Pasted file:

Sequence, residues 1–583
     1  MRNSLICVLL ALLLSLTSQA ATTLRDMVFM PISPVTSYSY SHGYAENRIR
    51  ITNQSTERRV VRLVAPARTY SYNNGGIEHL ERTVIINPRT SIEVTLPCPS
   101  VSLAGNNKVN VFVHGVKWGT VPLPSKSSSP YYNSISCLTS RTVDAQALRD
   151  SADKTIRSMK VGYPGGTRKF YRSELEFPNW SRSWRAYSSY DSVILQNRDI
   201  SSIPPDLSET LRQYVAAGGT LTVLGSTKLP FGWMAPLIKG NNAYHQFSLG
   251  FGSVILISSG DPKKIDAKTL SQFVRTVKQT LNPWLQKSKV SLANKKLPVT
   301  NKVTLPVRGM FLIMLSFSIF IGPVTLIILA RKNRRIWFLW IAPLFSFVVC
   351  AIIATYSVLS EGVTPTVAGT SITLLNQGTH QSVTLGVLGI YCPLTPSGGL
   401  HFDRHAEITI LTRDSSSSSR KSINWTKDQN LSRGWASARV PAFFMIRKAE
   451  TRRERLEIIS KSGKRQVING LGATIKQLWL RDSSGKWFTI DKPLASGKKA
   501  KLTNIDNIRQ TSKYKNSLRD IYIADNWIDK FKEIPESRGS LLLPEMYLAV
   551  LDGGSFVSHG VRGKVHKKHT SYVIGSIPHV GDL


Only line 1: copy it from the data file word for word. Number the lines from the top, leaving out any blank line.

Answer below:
Sequence, residues 1–583